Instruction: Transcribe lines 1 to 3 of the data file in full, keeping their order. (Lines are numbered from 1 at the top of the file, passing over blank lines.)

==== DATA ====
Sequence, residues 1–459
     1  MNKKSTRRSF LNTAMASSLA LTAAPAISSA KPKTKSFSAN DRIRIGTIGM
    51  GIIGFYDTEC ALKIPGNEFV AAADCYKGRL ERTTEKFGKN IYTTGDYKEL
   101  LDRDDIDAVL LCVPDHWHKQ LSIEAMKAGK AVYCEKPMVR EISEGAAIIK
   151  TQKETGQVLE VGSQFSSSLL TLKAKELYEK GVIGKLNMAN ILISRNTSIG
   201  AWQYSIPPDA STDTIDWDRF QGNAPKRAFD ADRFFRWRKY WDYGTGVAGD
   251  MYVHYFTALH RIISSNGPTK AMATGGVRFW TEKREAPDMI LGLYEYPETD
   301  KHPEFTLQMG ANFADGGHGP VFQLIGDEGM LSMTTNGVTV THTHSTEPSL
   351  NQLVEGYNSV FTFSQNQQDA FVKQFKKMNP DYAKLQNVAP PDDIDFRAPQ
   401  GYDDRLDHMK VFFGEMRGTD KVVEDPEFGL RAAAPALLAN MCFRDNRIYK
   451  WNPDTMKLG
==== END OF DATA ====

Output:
Sequence, residues 1–459
     1  MNKKSTRRSF LNTAMASSLA LTAAPAISSA KPKTKSFSAN DRIRIGTIGM
    51  GIIGFYDTEC ALKIPGNEFV AAADCYKGRL ERTTEKFGKN IYTTGDYKEL